e LAVES
phase, represents a great risk. This phase has not been mentioned because it is not stable under the
simulated conditions but a small concentration shift or addition of another LAVES phase stabilising element
(namely Mn) may be the cause for the LA
VES phase precipitating in the P91 steel or in the decarburised zone.
The simulation confirms that the LAVES phase occurs at
temperatures below 600˚C and at lower carbon
concentrations (approx.
<0.01wt %).

Conclusion

The above approach and the simulation results enabled us to better understand the microstructure processes
and carbide and/or carbonitride phase transformations o
ccurring in the diffusion zone of the investigated
weldments. It can be generally said that the method applied yields results that reflect the weldment phase
structure quite correctly.

A good agreement was found in the sequence of the carbide and/or carbo
nitride phase regions.

The performed kinetic simulations provided information that can be used for failure
-
risk prediction for weld
joints. The simulated phase profiles for the vanadium
-
rich MX carbonitride and the fine
-
size M
6
C carbide
showed their high
microstructure
-
stabilising effect IN nebo ON ??? the carbon
-
depleted zone. Special
attention must be paid to the concentration balance, which may be responsible for the LAVES phase
precipitation in weldments that include the P91 steel.

The simulation resul
ts save time and expenses in the evaluation of long
-
term microstructure stability of the
weldments examined. The profiles presented can serve for the prediction of microstructure development and
estimation of the mechanical stability of the weldments under

external stress during long
-
term service.

Acknowledgements

The support of the Grant Agency of the Czech Republic (No: 106/00/0855) is gratefully acknowledged for
funding. The calculations were performed with the aid of the ThermoCalc and DICTRA programs.

Sincere
thanks are extended to P
rof. Vřešťál for thermodynamics and kinetics calculations.

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Engineering, Cambridge Int. Science Publ., Cambridge (1998)

[98Sau]

Saunders, N.; Miodovnik, A. P.: CALPHAD (Calculation of Phase Diagram)
-

A Comprehensive
Guide (Pergamon Materials Series, Vol. 1), Elsevier Sc
ience, Amsterodam (1998).

[99Mil]

B. Million, R. Foret, A. Rek, et al.: Carbon redistribution during long
-
term operation of weld
joints of creep
-
resisting chrome steels,KOVOVE MATER 37: (5) 314
-
323 1999. P91/15128
P91/Cr3Mo1C

[99Orl]

Orlova A, Bursik J, K
ucharova K, et al. Microstructural development during high temperature
creep of 9% Cr steel MAT SCI ENG A
-
STRUCT 245: (1) 39
-
48 APR 30 1998

[E
-
FACT] Web Sites in Inorganic Chemical Thermodynamics, FACT:


http://www.crct.polymtl.ca/fact/websites.htm


[E
-
Malt]

Thermodynamic database : MALT2:


http://www.kagaku.com/malt/emalt2.html



8



Table 1:


Chemical composition (in wt%) of the steels.

Ste
el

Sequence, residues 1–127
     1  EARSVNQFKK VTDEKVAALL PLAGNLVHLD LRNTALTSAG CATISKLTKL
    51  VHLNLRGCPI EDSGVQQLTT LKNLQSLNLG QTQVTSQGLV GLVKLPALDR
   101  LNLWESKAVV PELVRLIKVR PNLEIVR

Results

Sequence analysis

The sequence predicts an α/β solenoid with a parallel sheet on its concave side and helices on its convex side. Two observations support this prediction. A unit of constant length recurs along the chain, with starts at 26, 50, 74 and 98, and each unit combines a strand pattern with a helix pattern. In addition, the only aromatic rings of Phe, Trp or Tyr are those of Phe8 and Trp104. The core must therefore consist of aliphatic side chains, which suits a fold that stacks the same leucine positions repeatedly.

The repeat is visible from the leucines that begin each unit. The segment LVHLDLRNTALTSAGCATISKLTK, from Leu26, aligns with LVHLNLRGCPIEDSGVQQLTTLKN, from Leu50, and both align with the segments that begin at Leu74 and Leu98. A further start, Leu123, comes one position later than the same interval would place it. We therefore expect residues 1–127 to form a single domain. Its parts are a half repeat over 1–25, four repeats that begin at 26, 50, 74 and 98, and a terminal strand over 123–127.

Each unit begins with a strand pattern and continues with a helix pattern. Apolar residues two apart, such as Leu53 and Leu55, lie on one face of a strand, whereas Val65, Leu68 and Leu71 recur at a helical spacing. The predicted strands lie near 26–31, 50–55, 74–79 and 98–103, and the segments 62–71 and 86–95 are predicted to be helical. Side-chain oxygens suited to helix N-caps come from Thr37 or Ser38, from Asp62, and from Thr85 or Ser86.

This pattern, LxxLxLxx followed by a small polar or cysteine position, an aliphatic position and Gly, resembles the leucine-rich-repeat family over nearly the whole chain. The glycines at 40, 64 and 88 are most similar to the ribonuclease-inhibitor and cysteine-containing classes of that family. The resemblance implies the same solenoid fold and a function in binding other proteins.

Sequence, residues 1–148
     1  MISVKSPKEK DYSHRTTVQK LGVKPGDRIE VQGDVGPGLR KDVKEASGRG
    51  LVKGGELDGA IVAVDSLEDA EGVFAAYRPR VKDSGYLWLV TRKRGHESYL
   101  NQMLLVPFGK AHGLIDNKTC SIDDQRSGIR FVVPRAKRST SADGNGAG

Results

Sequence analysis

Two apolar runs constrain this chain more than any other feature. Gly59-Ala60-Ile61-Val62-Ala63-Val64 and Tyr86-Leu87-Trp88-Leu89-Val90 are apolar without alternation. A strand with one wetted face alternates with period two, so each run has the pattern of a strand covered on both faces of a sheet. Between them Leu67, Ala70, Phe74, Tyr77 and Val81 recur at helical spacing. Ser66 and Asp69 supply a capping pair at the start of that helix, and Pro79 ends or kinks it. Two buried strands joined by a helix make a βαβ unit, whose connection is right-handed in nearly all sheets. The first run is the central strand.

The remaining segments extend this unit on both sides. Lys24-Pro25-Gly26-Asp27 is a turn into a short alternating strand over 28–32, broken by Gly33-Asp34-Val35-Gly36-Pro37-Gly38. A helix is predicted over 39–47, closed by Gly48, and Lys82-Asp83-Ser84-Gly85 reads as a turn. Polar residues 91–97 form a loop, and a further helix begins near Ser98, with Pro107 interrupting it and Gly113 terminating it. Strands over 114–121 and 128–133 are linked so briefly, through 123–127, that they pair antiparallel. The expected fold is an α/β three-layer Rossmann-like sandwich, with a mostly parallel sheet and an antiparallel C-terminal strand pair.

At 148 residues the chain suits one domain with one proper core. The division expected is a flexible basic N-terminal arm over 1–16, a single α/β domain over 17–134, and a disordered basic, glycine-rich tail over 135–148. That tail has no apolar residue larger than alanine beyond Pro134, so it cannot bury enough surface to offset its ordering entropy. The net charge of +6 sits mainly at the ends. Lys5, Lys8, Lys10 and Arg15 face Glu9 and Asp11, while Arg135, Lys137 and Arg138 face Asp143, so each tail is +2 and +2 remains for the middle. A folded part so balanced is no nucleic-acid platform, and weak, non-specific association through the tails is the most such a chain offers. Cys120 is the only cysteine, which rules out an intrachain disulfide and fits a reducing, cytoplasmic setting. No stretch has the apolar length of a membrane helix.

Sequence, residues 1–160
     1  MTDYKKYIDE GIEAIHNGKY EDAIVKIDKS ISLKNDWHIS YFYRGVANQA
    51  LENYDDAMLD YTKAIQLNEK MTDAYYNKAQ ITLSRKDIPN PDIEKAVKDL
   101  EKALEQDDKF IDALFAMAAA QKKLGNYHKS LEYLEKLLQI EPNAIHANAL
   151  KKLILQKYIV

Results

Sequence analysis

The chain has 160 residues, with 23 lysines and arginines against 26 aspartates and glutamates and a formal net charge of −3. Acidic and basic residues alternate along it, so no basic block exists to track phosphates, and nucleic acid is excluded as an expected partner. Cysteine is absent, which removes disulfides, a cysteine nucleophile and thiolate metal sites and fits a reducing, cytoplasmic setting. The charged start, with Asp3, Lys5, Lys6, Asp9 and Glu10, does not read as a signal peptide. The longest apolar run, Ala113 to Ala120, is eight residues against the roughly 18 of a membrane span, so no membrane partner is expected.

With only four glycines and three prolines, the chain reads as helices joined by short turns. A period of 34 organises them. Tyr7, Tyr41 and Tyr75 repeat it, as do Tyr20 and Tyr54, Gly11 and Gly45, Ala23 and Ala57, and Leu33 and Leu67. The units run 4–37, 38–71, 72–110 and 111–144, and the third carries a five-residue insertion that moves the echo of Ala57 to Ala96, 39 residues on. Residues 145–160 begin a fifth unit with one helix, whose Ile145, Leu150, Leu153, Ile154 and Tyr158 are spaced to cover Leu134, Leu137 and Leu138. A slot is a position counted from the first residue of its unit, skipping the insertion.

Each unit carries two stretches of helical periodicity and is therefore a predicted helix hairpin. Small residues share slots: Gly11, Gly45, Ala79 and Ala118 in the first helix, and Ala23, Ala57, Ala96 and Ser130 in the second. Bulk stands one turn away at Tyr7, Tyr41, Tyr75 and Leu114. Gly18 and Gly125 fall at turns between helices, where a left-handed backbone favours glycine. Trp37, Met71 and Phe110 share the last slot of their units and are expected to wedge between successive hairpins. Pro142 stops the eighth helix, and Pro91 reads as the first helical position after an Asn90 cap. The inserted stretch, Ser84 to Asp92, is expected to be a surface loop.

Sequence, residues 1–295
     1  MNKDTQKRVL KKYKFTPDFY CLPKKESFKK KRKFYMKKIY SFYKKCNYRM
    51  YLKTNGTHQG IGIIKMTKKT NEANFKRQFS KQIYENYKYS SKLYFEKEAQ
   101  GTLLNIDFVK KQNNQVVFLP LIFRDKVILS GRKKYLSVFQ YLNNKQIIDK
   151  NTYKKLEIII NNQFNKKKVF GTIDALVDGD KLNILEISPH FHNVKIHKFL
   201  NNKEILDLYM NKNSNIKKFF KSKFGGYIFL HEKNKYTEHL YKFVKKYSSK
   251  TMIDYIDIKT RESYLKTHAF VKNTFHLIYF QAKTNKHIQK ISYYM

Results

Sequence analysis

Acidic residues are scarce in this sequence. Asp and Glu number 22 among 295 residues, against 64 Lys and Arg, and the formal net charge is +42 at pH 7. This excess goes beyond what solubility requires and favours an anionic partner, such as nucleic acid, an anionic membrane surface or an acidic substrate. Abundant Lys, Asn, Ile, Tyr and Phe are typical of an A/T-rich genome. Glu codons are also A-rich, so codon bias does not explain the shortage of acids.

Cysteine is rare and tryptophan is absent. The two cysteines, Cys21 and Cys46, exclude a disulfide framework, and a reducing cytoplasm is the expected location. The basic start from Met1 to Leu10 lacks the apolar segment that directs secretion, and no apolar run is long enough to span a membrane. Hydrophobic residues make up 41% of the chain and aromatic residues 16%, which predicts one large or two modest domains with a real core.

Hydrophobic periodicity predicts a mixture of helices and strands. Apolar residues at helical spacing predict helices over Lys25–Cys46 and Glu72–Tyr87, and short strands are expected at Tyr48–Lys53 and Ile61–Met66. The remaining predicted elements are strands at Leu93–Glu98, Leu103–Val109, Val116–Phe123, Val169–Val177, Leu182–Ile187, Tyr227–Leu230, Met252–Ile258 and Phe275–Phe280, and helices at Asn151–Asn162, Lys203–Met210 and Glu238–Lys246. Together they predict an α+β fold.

C

Mn

Si

P

S

Cr

Ni

Mo

V

N

Nb

P91

0.10

0.40

0.43

0.015

0.006

8.50

0.10

0.88

0.23

0.045

0.018

CSN

15

12
8

0.13

0.60

0.31

0.012

0.022

0.58

0.07

0.47

0.25

-

-

SK3STC

0.12

0.80

0.07

0.008

0.011

2.73

0.02

0.96

0.01

-

0.013


Table 2:

Weldment combinations,
annealing conditions and simulated phase region sequences. P
hase (used abr.):
BCC_A2 (α), M
7
C
3

(M7)
, M
23
C
6

(M23), M
6
C (M6)
, carbonitride (
MX). Symbol “
<” means: interface is moving
to the left with time; “>” means: moving to the right; “
|” means: movement

not observed.

Weldment
combinations

Temp. [ºC]

phase region sequence (predominant carbide/carbonitride bold)

CSN

15

128

/P91

500
-
561

(

+M7+
MX
) < (

+M23+M7+
MX
) < (

+M7+
MX
) < (

+
MX
) | (

+
M6
+MX)
>

(

+M6+
M7
+MX)
>

(

+
M23
+M6+M7+MX)
>

(

+
M23
+M6+MX)

CSN

15

12
8

/P91

561
-
577

(

+M7+
MX
) < (

+M23+M7+
MX
) < (

+M7+
MX
) < (

+
MX
) | (

+
M6
+MX)
>

(

+M6+
M7
+MX)
>

(

+
M23
+ M6+ M7+MX)

>

(

+
M23
+M7+MX)
>

(

+
M23
+MX)

CSN

15

128

/P91

577
-
655

(

+M23+M7+
MX
) < (

+M7+
MX
) < (

+
MX
) | (

+
M6
+MX)
>

(

+M6+
M7
+MX)
>

(

+
M23
+ M6+ M7+MX)
>

(

+
M23
+
M7+MX)
>

(

+
M23
+MX)

CSN

15

128

/P91

655
-
700

(

+
M23
+MX) < (

+
MX
) | (

+
M6
+MX)
>

(

+M6+
M7
+MX)
>

(

+
M23
+ M6+
M7+MX)
>

(

+
M23
+M7+MX)
>

(

+
M23
+MX)

SK3STCC /P91

500
-
554

(

+
M23
+M6) < (

+
M6
) < (

+
M23
+M6) | (

+M6+
M23
+MX)
>
(

+
M23
+MX+M6)
>
(

+M7+MX+
M23
+M6)
>
(

+MX+
M23
+M6)

SK3STCC /P91

554
-
556

(

+
M7
+M6+M23) < (

+
M23
+M6) < (

+
M6
) < (

+
M23
+M6) |
(

+M6+
M23
+MX)
>
(

+
M23
+MX+M6)
>
(

+M7+MX+
M23
+M6)
>
(

+MX+
M23
+M6)

SK3STCC /P91

556
-
561

(

+
M7
+M6) < (

+M7+M6+
M23
) < (

+
M23
+M6) < (

+
M6
) < (

+
M23
+M6) |
(

+M6+
M23
+MX)
>
(

+
M23
+MX
+M6)
>
(

+M7+MX+
M23
+M6)
>
(

+MX+
M23
+M6)

SK3STCC /P91

561
-
700

(

+
M7
+M6) < (

+M7+M6+
M23
) < (

+
M23
+M6) < (

+
M6
) < (

+
M23
+M6) |
(

+M6+
M23
+MX)
>
(

+
M23
+MX)
>
(

+M7+MX+
M23
)
>
(

+MX+
M23
)



9


Figure captions and figures

Figure 1:
Phase diagram cross
-
section for

steel P91.















Figure 2:
Phase diagram cross
-
section for steel SK3STC.













10


Figure 3:
Carbon activity of the steels at different temperatures.



Figure 4:

Simulated phase profiles for CSN

15

128/P91 weldment at 625ºC after 5000hrs .



11

Figure 5:

Simulated phase profiles for SK3STC/P91 weldment at 625ºC after 5000hrs .



Figure 6:

The simulated chemical composition of the MX carbonitride in dependence on distance
from interface (CSN

15

128/P91 weldments, 625ºC/5000hrs) .



12

Figure 7:

Th
e simulated chemical composition of the M23C6 carbide in dependence on distance
from interface (15128/P91 weldments, 625ºC/5000hrs) .



Figure 8:

The simulated and experimental overall concentration profiles at 625ºC/5000hrs.



Correspondence addresses

J
iří Sopoušek (corresponding author):

Masaryk University, Faculty of Science, Department of Theoretical and Physical Chemistry, Kotlářská 2, CZ
-
611 37 Brno, Czech Republic

sopousek
@chemi.muni.cz
, fax: 00420 541
211214